History on tips

    The Canadian investment idea that busted a mutual-fund monopoly

    In 1990, a competitor emerged at last: The Toronto Stock Exchange unveiled the world's first successful exchange-traded fund, the Toronto 35 Index Participation Fund, known as TIPs, initiating a profound change in the way the world invests.
    The success of that first ETF in Canada helped spawn a global industry that now numbers thousands of funds worldwide, giving investors access to emerging market stocks, gold, corporate bonds and just about every other asset class you can think of. Global assets total $4.75-trillion, and are closing in on mutual funds.
    Last edited by KC; 28-04-2017 at 07:00 AM.

  6. #6


    Whatever You Do, Don’t Read This Column | Jason Zweig


    There’s another reason so many investors believe in magic: We can’t handle the truth.

    The efficient market hypothesis holds that stock prices fully reflect all the relevant information that is available. What if, instead, investors are so efficient at avoiding some information that it might as well not even exist?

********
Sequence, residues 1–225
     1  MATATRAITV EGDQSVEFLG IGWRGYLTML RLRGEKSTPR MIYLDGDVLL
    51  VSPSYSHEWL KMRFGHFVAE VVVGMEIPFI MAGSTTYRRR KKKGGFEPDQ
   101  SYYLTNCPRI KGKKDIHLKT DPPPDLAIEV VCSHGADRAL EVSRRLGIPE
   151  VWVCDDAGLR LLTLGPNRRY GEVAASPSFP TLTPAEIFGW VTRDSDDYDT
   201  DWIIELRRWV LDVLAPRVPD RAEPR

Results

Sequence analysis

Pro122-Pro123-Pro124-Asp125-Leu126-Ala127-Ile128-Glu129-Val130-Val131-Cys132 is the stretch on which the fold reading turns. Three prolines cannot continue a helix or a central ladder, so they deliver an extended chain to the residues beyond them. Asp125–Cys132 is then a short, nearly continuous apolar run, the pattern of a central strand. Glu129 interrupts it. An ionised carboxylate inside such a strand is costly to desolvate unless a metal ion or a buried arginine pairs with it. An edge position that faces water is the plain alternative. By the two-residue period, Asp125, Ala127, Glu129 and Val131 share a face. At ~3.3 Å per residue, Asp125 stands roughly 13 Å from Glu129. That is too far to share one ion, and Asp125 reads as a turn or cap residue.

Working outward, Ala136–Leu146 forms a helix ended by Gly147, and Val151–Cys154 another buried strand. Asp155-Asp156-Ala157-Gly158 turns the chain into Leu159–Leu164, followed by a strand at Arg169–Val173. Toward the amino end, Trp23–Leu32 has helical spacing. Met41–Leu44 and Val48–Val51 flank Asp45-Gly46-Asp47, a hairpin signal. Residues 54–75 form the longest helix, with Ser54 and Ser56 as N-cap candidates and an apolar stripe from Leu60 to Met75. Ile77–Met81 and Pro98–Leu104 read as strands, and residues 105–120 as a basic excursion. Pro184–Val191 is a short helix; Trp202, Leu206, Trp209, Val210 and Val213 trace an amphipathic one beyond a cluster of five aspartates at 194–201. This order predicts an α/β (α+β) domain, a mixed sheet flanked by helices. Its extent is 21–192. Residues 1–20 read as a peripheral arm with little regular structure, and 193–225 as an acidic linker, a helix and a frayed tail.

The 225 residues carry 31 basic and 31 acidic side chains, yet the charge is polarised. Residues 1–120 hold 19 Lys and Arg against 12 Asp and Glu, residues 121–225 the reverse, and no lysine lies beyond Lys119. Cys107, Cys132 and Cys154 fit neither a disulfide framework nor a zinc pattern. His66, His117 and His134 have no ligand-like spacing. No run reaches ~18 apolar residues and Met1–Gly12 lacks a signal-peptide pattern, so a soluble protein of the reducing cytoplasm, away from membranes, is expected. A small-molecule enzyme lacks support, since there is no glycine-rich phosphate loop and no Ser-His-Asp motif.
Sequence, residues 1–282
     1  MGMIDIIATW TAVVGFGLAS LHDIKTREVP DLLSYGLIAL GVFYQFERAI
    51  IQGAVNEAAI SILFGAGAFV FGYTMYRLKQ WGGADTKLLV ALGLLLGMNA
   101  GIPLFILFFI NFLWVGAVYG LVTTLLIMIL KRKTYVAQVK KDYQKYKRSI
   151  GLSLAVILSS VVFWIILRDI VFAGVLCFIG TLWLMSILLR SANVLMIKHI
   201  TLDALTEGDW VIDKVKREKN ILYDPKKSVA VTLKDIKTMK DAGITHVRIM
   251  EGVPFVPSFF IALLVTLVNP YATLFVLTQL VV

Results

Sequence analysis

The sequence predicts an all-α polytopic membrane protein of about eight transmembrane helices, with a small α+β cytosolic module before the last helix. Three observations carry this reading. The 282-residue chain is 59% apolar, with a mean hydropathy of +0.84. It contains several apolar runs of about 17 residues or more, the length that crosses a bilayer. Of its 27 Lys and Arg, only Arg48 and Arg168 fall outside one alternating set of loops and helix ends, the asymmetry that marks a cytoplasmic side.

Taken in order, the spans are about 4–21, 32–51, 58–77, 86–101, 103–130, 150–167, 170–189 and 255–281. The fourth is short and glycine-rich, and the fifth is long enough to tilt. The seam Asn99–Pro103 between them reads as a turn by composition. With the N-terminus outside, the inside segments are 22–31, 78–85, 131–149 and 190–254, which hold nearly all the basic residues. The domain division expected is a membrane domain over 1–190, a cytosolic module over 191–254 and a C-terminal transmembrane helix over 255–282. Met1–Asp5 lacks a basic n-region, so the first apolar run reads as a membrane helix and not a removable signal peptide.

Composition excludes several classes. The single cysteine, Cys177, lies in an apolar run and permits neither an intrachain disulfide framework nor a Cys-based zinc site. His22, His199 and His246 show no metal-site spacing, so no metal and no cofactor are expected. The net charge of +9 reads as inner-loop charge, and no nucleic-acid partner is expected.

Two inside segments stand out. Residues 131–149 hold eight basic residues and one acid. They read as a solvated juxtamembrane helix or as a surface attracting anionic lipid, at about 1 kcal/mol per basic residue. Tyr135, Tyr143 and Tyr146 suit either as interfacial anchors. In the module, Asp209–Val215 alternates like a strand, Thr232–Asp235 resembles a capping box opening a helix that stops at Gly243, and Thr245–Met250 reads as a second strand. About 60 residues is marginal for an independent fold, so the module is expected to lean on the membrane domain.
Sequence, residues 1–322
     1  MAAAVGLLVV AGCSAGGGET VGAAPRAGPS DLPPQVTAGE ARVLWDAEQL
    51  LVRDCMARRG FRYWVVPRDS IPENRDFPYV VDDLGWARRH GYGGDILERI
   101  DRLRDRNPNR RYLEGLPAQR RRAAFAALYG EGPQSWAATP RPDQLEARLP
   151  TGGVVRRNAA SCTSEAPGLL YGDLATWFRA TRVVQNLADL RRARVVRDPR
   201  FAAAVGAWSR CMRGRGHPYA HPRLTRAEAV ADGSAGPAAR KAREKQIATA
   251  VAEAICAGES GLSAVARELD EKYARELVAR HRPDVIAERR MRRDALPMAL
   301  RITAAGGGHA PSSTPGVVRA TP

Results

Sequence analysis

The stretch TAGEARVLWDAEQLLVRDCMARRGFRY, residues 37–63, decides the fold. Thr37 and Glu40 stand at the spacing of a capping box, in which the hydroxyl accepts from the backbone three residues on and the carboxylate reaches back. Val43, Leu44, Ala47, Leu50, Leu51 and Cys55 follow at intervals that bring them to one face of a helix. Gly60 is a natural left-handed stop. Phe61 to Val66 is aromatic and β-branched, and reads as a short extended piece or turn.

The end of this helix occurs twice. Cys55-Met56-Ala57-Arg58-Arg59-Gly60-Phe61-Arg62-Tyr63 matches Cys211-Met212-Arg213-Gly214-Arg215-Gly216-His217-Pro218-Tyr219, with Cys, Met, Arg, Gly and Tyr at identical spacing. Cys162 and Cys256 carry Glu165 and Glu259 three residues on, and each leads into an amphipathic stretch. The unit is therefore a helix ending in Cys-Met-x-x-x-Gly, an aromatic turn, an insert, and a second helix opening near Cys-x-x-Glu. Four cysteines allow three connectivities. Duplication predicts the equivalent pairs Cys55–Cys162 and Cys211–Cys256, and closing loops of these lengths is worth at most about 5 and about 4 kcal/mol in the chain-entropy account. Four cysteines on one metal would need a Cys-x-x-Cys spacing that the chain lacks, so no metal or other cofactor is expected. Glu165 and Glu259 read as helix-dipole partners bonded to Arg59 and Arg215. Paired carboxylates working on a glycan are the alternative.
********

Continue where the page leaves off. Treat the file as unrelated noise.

Psychologists call this behavior “information avoidance.” You could also call it intentional ignorance.

    “It’s a motivated decision to say ‘no’ to learning available but unwanted information,” says Jennifer Howell, a psychologist at Ohio University in Athens, Ohio, who studies the phenomenon. “People avoid information if it’s going to make them feel or behave or think in a way they don’t want to” — especially any evidence that could jeopardize their belief in their competence and autonomy or could require taking difficult or prolonged action. ..."

  7. #7

    Default The Growing Peril of Index Funds: Too Much Tech

    Nothing is perfect - an interesting article here in the WSJ. The basic premise, is that because index funds blindly invest in proportion to the market, if a given sector becomes over-valued, the portfolio also becomes over-weighted, and you get caught up in any bubble:

    Investors who loaded up on U.S. and Asian stock-index funds might be surprised to learn just what they own now: technology stocks—a lot of them.

    Led by Apple Inc., Facebook Inc. and their peers, the weighing of technology stocks in the S&P 500 index has climbed to 23.8% as of Dec....

    I guess over time in the long run, it will all even out.

  8. #8


    As an individual investor, I don't think investing in hedge funds makes makes a ton of sense to be honest. The combination of high fees, negative selection bias, and potentially long lock-ups mute their attractiveness. To major institutional investors I think they can be a valuable diversifier.